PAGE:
New research from Women's Refuge reveals a huge number of women delay leaving abusive relationships because they fear what will happen to their pets. This week the Herald announced the launch of the first Pet Refuge, a service that will removed that barrier for women looking to escape domestic violence.

Donations for New Zealand's first Pet Refuge - a shelter for animals affected by domestic violence - have reached just over $100,000 within the first five days of fundraising.

The shelter is currently under construction at a location in the Auckland area.

Earthworks are underway and the building will follow as soon as possible.


It is hoped the shelter will be operating by April.

But before that can happen $250,000 needs to be raised to fit the shelter out with everything pets will need to feel comfy and cosy in their temporary home.

READ MORE: Pet Refuge: A childhood of fear - domestic violence survivor recalls animal abuse

KidsCan founder Julie Chapman is behind the initiative and used family money to buy the land for the shelter.

Most of the funds for the building have been donated by the Lindsay Foundation.

But a further $250,000 is needed to equip the facility with everything the animals will need on a daily basis - from bedding and enclosures to play areas, toys, exercise equipment and health supplies.

Julie Chapman with one of her eight rescue cats. Photograph/Pet Refuge
Julie Chapman with one of her eight rescue cats. Photograph/Pet Refuge

The shelter will house up to 24 dogs, 35 cats, 15 birds and 15 other small pets at any given time.

Larger animals - horses, sheep, goats and the like - will be cared for on one of a network of safe farms.


The service is available for victims nationwide and will operate alongside Women's Refuge, who will make the appropriate referrals.

As of last night more than $100,000 had been donated via a PledgeMe fundraising page.

"What an amazing initiative," said one donor.

"Our own animals are so much more than pets and we understand the concern and need to provide them with a safe haven. Hopefully this will be a major stepping stone to getting out of abusive environments for both women and animals."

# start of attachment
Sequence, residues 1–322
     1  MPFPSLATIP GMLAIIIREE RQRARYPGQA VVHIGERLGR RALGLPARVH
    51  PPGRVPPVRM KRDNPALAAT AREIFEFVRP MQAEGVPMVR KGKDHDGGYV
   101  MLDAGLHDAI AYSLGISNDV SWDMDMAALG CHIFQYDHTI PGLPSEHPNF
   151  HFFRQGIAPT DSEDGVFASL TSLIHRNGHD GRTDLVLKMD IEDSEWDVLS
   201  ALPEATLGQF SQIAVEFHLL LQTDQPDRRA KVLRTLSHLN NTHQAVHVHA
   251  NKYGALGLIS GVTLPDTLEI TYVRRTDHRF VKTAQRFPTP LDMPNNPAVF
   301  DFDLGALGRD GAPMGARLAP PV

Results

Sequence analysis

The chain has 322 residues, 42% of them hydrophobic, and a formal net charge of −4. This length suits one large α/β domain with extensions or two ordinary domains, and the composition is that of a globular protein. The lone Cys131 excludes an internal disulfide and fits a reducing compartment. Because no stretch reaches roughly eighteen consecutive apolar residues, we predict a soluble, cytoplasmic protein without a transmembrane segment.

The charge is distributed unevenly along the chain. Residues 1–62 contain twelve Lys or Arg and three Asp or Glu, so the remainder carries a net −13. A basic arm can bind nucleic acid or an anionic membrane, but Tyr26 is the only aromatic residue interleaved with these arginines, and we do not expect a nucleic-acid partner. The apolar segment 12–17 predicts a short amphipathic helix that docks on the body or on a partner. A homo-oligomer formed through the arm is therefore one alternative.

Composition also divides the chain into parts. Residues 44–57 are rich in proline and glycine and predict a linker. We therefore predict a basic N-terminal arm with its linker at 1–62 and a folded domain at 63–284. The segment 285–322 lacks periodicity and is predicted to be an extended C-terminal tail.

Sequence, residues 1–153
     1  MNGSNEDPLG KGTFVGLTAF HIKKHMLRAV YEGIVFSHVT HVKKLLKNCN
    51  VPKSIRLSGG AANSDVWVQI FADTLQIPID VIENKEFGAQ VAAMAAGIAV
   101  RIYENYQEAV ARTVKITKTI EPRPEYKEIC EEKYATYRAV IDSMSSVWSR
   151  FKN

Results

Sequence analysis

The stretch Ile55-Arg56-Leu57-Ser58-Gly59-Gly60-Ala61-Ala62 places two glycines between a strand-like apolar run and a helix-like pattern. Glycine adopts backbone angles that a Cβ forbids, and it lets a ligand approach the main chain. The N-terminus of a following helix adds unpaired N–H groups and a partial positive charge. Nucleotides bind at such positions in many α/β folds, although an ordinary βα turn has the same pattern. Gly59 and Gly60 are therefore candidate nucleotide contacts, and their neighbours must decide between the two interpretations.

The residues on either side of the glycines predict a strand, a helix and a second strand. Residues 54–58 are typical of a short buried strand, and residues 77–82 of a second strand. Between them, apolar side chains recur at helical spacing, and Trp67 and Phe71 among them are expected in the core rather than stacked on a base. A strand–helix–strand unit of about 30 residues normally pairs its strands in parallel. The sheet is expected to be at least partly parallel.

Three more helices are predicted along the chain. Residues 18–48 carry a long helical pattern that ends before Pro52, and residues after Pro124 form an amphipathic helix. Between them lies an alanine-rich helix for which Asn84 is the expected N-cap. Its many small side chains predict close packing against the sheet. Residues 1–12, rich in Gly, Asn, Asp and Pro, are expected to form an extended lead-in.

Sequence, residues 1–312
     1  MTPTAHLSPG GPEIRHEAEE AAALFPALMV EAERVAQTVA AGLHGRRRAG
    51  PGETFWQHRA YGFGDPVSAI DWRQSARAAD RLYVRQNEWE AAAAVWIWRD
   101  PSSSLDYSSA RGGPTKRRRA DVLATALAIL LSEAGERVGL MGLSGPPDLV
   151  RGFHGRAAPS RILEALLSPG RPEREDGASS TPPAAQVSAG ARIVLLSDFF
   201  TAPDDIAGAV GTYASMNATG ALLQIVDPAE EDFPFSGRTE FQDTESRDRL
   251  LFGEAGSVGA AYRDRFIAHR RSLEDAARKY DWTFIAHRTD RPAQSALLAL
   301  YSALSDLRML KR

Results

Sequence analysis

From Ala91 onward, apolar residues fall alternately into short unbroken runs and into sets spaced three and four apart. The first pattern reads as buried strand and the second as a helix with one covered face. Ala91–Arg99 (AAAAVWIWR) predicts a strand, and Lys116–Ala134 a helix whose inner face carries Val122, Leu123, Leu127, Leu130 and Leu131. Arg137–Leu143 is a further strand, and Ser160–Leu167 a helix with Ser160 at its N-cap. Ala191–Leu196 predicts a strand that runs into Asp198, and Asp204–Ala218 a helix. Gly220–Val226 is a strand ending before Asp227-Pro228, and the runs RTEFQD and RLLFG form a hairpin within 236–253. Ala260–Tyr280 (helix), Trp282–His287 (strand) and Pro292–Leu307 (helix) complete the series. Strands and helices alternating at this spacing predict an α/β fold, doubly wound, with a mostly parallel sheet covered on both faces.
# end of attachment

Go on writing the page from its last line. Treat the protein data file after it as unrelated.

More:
Another said Pet Refuge was a "campaign worth supporting".

"This will not only save animals but more importantly give victims the opportunity to leave no loved ones behind."

"If I was in an abusive relationship, I could never leave my pets. A refuge like this is going to be utterly priceless. Thank you," said a third person.

More than 800 people have donated to the cause so far.

Chapman's initiative was announced the same day as a major research by Women's Refuge into pet abuse in the context of domestic violence.

It showed hundreds of victims were staying in violent relationships every year because they did not want to leave their pets.

The research was based on a survey of nearly 1000 domestic violence victims who had experienced a partner abusing or threatening a pet.

Just over 50 per cent of those surveyed delayed leaving their partner because of their pets and 41 per cent said they or their children had been made to watch their pet or another animal being harmed by their partner.

An artist impression of the exterior of the Pet Refuge. Construction work started at the site this week, beginning with earthworks. Image/Pet Refuge
An artist impression of the exterior of the Pet Refuge. Construction work started at the site this week, beginning with earthworks. Image/Pet Refuge

The abuse described was horrendous - animals punched, kicked, strangled, thrown, drowned, stabbed, put in microwaves, run over; often while victims watched on, powerless to help them.

Chapman said leaving pets behind was a barrier for women and men escaping domestic violence.

The aim of the shelter was to remove that barrier.

New Zealand's first shelter dedicated to housing pets affected by family violence is being built.

Pet Refuge will provide a temporary safe haven for pets, while their owners escape abuse. We need your help.

To donate to the shelter build visit:

If you're in danger now:

• Phone the police on 111 or ask neighbours of friends to ring for you.
• Run outside and head for where there are other people.
• Scream for help so that your neighbours can hear you.
• Take the children with you.
• Don't stop to get anything else.
• If you are being abused, remember it's not your fault. Violence is never okay

Where to go for help or more information:

• Women's Refuge: Free national crisis line operates 24/7 - 0800 refuge or 0800 733 843
• Pet Refuge
• Shine, free national helpline 9am- 11pm every day - 0508 744 633
• Shakti: Providing specialist cultural services for African, Asian and middle eastern women and their children. Crisis line 24/7 0800 742 584
• It's Not Ok: Information line 0800 456 450